80% of IIT students,faculty against JEE format change,finds online poll

Even as senates of some of the IITs,including IIT Bombay,have opposed the reforms in the Joint Entrance Examination,results of a global online poll among students,alumni and faculty of IIT Bombay revealed that 78 per cent have voted against the move to change the JEE format.

Written by Express News Service | Published: April 13, 2012 3:23:23 am

Even as senates of some of the IITs,including IIT Bombay,have opposed the reforms in the Joint Entrance Examination (JEE),results of a global online poll among students,alumni and faculty of IIT Bombay revealed that 78 per cent have voted against the move to change the JEE format.

The first-of-its kind online poll,which saw participation of 1,824 respondents,was conducted by the IIT Bombay Alumni Association (IITBAA) and the findings have been published in Fundamatics,the recently launched alumni magazine. “We asked 10 questions on key issues that will impact the future of IITs. What stood out is that the opinion and the views were overwhelmingly in one direction and in favour of the winning answering in case of eight questions,and it was evenly divided for the remaining two. The support ranges from 65 per cent (do not support reservations) to 83 per cent (hire foreign faculty). The maximum divergence of views was within the faculty,while the views of students and alumni were very similar. For instance,on the JEE question,77 per cent of the older alumni as against 61 per cent of the young ones said JEE should not be tampered with,” said Bakul Desai,director of IITBAA and in charge of the online poll.

The survey results show that while 78 per cent said “they do not agree with the recent proposal to change the JEE format into a preliminary aptitude test with equal weightage to the entrance test and board exam results”,78 per cent said no to setting up of so many IITs,stating it will dilute “brand IIT”. To the question,“do you think reservation of seats for SC/ST/OBC has been a welcome move?”,65 per cent said reservations should be done away with and merit should be the only criteria.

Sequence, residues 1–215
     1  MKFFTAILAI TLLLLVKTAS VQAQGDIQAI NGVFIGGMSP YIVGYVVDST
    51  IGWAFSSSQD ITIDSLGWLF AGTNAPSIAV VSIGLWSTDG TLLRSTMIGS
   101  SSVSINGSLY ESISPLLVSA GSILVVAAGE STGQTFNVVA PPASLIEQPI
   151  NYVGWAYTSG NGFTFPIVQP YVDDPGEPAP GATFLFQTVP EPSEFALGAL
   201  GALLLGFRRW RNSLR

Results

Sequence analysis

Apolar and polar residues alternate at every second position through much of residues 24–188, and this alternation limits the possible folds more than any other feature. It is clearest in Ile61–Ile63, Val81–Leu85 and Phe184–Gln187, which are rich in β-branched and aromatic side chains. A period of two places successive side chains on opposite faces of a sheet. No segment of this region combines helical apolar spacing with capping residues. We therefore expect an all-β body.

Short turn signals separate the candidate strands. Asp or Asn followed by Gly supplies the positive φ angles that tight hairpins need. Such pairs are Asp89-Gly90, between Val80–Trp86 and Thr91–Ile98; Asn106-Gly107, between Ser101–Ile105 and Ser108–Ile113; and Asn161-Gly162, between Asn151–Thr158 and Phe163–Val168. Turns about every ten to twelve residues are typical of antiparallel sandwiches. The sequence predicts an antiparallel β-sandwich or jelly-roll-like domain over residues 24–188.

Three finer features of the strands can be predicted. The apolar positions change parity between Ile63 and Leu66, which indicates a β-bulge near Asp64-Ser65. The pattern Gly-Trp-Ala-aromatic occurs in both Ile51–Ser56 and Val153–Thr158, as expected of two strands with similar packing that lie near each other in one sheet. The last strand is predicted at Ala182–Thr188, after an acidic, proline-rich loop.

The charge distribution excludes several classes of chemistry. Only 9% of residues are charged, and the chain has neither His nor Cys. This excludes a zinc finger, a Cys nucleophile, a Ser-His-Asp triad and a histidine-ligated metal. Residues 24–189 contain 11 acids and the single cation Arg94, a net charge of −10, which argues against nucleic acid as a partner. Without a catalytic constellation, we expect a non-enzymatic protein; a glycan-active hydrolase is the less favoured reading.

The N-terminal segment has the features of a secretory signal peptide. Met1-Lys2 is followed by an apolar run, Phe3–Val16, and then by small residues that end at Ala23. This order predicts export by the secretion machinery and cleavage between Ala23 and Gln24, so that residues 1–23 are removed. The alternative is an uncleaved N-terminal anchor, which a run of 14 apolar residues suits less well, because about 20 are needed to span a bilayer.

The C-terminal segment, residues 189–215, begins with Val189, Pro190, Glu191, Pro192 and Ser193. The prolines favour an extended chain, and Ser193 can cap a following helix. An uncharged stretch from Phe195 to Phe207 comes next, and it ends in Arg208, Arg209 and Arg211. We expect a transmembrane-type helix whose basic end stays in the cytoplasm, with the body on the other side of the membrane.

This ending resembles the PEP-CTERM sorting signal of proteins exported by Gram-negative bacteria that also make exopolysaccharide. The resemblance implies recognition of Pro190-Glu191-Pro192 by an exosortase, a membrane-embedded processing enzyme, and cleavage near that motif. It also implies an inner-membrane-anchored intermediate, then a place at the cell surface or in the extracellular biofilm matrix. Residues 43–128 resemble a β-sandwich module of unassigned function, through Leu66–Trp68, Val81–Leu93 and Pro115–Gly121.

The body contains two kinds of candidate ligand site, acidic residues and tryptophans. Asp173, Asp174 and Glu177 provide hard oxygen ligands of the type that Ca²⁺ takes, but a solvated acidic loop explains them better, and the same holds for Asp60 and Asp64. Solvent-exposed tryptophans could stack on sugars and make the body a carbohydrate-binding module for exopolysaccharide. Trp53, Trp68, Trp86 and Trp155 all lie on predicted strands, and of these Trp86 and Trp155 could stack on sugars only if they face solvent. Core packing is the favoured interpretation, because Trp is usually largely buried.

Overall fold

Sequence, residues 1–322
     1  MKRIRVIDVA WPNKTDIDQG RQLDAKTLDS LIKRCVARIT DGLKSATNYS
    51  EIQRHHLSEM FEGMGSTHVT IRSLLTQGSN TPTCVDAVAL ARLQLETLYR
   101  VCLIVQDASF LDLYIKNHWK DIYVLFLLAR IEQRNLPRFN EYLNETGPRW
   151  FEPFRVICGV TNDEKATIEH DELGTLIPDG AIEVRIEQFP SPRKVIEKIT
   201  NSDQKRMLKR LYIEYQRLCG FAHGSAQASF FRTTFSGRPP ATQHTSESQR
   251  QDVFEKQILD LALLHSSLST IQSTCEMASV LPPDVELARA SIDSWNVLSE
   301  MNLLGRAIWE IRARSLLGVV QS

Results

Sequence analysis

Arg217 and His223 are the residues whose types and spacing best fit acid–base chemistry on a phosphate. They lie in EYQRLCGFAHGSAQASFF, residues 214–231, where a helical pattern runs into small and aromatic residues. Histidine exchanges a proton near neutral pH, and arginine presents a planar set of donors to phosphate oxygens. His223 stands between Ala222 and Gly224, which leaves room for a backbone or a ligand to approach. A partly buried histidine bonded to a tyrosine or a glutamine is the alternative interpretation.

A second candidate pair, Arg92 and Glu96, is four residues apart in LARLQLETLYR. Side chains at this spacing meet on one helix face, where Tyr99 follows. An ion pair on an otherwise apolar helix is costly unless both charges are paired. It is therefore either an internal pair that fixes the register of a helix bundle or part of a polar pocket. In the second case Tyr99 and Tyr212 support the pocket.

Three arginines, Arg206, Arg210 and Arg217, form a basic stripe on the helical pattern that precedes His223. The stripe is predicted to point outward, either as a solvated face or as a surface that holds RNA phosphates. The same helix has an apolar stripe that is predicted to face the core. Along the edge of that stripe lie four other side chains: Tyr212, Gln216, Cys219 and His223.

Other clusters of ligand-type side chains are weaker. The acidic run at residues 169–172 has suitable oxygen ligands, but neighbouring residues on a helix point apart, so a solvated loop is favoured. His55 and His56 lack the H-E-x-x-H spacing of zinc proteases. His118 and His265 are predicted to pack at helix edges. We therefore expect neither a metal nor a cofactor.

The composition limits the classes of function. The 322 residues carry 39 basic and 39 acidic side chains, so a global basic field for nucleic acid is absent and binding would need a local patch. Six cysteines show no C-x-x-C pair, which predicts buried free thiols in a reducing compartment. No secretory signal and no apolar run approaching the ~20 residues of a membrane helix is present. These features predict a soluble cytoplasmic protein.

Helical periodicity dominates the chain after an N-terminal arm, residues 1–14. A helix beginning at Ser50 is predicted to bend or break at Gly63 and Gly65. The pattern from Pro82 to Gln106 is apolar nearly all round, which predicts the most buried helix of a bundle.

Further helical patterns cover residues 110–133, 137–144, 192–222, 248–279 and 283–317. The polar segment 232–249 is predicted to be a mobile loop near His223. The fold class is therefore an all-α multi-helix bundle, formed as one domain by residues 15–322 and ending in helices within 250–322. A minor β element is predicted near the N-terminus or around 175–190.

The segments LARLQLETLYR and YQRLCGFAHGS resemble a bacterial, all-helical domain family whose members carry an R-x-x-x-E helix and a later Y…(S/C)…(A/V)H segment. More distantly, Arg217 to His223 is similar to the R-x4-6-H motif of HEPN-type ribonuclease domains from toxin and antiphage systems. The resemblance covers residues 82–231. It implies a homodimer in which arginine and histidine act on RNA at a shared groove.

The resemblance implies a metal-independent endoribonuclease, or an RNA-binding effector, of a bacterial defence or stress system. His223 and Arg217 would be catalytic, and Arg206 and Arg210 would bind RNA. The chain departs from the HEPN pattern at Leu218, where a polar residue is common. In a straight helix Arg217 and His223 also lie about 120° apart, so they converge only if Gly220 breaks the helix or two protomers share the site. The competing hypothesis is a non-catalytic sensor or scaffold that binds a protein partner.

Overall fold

Further,while 83 per cent have voted in favour of hiring foreign faculty,80 per cent said rapid increase in student intake and resultant stress on institute infrastructure has affected student and faculty morale and ultimately the institute output. Another 77 per cent voted in favour of giving more financial autonomy to the IITs. Again,while 77 per cent want IITs to be made more research-oriented,80 per cent said brand IIT is a boon.

“The faculty believes in greater financial autonomy less vehemently than students or alumni. More surprisingly,faculty supports research emphasis to the extent of 61 per cent as against 73 per cent and 80 per cent vote of alumni and students respectively,” he said.

Opinion was evenly divided on two questions. Results show that 36 per cent felt IITs should not hike fees as recommended by the Kakodkar panel as against 38 per cent who said fees should be hiked gradually at about 20 per cent per year. Similarly,40 per cent said IITs should allow private investment and management in its affairs,while 43 per cent disagreed.

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